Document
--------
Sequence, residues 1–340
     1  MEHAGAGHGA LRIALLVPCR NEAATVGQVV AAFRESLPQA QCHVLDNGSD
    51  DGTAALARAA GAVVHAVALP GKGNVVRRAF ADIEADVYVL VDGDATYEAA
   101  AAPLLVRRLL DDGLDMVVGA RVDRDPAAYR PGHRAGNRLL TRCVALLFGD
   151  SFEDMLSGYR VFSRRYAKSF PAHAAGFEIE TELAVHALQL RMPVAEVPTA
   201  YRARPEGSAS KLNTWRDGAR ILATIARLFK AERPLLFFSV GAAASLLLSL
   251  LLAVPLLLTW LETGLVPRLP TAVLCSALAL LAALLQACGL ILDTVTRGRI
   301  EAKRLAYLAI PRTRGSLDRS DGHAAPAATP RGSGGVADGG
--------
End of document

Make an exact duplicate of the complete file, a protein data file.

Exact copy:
Sequence, residues 1–340
     1  MEHAGAGHGA LRIALLVPCR NEAATVGQVV AAFRESLPQA QCHVLDNGSD
    51  DGTAALARAA GAVVHAVALP GKGNVVRRAF ADIEADVYVL VDGDATYEAA
   101  AAPLLVRRLL DDGLDMVVGA RVDRDPAAYR PGHRAGNRLL TRCVALLFGD
   151  SFEDMLSGYR VFSRRYAKSF PAHAAGFEIE TELAVHALQL RMPVAEVPTA
   201  YRARPEGSAS KLNTWRDGAR ILATIARLFK AERPLLFFSV GAAASLLLSL
   251  LLAVPLLLTW LETGLVPRLP TAVLCSALAL LAALLQACGL ILDTVTRGRI
   301  EAKRLAYLAI PRTRGSLDRS DGHAAPAATP RGSGGVADGG